Is the lunch box packed? What should my child wear to school? What activities are going on this week? What does my child need for school?
These are many thoughts that cross almost every parent’s mind before the first day of school. It may seem impossible to get everything done before the first day of school, but if you take the right steps, the first day will be a breeze.
1. Screen Time
Many times during the summer, free time is filled with watching television and playing video games. While summer is a time to relax and have a little fun, too much screen time can be harmful to a child. Campaign for a Commercial-Free Childhood has found that too much screen time may “undermine learning for babies and young children” and result in irregular sleep patterns and increased risks for obesity. As the summer ends, try gearing down the amount of screen time your child has per day.
2. Homework Area
Creating a study area devoted to studying can be beneficial to children because many times students are susceptible to getting off task. Using a stagnant study area can help your child stay focused and on task because of the way that our brain associates locations with specific activities. Here are three items that make for a good study location:
- Free of Distractions - If a child is in the vicinity of things like video games or televisions, the temptations may quickly get them off task.
- Good Space - Trying to study or work on homework can become a hassle when you are restricted in a small area. Find an area in your house that has an open space for your child to be able to spread out and organize their work.
- Never the Bed - Though studying on a bed may seem to be an optimal location because of its comfort, a bed is one of the worst places to work. If you study in a bed, your brain will associate that area with “work” and will unintentionally make it more difficult for you to fall asleep.
If you find an ideal location in your home for your child to work on homework, stick with it for the year, unless a problem arises. In addition, create a homework schedule for your child to help them stay on task. Having them start on homework every day at the same early time will benefit them in the long run instead of them cramming it in late at night. A good work ethic goes a long way in school, so start your child off with a plan for the year.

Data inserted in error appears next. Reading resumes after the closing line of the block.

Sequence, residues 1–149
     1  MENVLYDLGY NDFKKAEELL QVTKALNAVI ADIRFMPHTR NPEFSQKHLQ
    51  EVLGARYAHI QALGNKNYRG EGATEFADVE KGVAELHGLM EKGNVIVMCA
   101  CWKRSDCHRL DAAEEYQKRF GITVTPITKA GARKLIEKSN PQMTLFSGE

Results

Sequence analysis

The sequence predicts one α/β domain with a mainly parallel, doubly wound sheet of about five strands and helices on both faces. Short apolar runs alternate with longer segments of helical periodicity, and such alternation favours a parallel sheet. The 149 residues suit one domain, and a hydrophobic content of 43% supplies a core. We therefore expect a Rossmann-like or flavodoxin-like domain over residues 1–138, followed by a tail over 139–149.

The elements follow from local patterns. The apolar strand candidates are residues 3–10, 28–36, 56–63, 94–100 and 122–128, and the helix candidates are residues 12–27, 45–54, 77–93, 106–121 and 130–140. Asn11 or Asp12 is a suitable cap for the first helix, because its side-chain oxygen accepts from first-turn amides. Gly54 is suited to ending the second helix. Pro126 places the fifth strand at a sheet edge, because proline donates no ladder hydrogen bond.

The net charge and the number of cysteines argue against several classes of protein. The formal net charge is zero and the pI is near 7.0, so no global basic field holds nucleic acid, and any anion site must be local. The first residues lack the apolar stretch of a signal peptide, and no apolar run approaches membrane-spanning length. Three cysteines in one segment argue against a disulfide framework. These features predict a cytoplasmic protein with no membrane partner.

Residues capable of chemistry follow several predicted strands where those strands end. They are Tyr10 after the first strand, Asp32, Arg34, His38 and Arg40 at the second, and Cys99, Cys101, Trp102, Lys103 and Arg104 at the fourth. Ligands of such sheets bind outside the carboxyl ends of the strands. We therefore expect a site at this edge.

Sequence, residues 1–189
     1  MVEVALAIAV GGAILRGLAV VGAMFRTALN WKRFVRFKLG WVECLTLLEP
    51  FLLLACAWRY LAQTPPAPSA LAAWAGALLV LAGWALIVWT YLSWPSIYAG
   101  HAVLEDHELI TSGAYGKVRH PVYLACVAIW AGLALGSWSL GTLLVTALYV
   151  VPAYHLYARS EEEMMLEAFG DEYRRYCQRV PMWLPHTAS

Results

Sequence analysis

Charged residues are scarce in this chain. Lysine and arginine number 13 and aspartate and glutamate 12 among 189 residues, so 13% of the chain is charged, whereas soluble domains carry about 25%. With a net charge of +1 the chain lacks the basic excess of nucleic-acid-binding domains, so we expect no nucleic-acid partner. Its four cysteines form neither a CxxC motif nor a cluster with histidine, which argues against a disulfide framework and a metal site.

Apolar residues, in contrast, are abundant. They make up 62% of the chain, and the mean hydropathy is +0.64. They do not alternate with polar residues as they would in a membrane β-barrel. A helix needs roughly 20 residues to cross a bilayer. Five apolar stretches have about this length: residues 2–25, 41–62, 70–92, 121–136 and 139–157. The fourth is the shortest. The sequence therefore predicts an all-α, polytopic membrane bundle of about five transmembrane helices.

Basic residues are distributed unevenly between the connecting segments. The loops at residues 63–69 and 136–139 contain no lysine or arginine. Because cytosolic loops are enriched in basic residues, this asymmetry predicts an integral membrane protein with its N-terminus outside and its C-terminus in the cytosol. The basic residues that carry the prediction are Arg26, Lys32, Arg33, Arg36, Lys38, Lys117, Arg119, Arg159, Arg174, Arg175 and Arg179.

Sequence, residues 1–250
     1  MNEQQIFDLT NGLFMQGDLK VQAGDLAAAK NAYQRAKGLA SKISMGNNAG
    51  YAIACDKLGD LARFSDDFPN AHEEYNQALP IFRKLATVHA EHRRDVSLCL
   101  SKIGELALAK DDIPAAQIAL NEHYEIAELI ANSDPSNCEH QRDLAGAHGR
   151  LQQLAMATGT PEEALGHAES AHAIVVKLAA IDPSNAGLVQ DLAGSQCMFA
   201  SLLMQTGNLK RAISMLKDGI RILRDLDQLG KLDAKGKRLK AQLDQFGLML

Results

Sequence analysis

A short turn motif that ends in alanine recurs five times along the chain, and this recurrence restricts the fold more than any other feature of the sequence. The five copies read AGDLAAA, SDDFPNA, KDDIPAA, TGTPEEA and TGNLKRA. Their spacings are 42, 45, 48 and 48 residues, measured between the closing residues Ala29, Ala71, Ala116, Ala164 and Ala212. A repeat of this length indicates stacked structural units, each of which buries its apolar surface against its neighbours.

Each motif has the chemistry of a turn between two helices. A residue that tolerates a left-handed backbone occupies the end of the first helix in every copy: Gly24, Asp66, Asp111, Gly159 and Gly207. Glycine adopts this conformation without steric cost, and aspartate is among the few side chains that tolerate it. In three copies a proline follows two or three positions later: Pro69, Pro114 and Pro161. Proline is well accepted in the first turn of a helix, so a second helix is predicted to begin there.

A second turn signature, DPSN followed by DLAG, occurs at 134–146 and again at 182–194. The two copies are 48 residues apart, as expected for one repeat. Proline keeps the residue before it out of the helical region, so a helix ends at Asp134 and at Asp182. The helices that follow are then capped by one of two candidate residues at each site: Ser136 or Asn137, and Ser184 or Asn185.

Taking breaks are also important. If a child works too long on homework, they may become worn out quickly and will start to resent studying and possibly school altogether. It is recommended that student takes a 10-15 minute break from studying every hour or so. In addition to giving the student rest, this also allows their brain to sort through all of the information that was just learned.
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Summer is usually seen as the time to stay up late and wake up late. This tends to become an issue when coming back to school because kids many times cannot adjust to the new schedule that quickly. To prepare your child for the early autumn mornings, use the week before school starts to slowly adjust them to the new schedule. By pushing up their bedtime by around half an hour every night, they will adjust to waking up earlier. Also, the day before school starts, try to have them wake up as if it were the first day of school. Most importantly, make sure your child is getting around 9-10 hours of sleep every night.
5. Go over rules and plans
During the summer, many rules and schedules used in the school year do not apply. To make readjusting to a school schedule easier, go over schedules with your child the week before. Making a list tailored to your child’s life can help them readjust better, as well as help you manage the changes. Important things to remember to review before school starts are:
- Bus schedules and bus safety procedures
- Transportation safety
- After school activities
- What to do if your child is bullied
- Classroom syllabuses
- Class schedules
- Important phone numbers in case of emergency
6. Family Time
Between running to see the school play, or helping with a science project that is due tomorrow, finding time for family during the school year can be a struggle. Take a day or even just an evening within a few days before school starts to enjoy time together. Have a cookout, go to the park, have a family movie night, or find another activity that fits your family’s agenda.
By applying these back to school health tips, your child will be better prepared for school throughout the whole year.